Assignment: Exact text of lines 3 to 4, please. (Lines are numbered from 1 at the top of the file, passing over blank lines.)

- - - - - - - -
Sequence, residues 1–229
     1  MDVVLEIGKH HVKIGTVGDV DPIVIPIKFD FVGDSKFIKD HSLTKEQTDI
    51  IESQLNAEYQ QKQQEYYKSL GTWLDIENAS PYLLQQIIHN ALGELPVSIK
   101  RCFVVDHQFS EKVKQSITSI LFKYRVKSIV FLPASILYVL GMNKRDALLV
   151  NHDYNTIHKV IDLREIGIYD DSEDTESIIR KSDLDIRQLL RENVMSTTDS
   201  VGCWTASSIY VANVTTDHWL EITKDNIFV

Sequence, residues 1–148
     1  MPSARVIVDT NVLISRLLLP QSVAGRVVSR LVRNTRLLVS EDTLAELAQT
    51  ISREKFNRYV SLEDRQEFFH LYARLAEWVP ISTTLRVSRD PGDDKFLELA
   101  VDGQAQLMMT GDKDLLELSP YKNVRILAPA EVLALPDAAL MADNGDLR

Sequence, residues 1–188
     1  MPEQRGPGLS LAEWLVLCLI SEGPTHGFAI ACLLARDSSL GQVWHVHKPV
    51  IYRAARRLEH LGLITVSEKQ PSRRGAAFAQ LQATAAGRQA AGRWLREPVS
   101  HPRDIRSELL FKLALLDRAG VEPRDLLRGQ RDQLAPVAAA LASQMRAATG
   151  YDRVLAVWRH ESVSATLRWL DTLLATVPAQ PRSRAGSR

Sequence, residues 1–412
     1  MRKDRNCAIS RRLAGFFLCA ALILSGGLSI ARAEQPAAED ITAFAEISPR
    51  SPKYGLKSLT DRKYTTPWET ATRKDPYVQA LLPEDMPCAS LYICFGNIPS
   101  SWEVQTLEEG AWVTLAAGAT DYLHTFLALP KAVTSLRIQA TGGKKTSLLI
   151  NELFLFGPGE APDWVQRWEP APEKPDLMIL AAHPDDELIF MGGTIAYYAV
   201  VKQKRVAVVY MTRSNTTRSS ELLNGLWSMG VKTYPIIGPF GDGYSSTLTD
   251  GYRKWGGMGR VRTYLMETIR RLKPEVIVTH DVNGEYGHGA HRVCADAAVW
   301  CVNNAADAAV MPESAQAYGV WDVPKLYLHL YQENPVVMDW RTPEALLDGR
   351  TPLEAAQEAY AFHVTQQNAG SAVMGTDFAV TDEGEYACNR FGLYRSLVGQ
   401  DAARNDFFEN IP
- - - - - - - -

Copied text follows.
    51  IESQLNAEYQ QKQQEYYKSL GTWLDIENAS PYLLQQIIHN ALGELPVSIK
   101  RCFVVDHQFS EKVKQSITSI LFKYRVKSIV FLPASILYVL GMNKRDALLV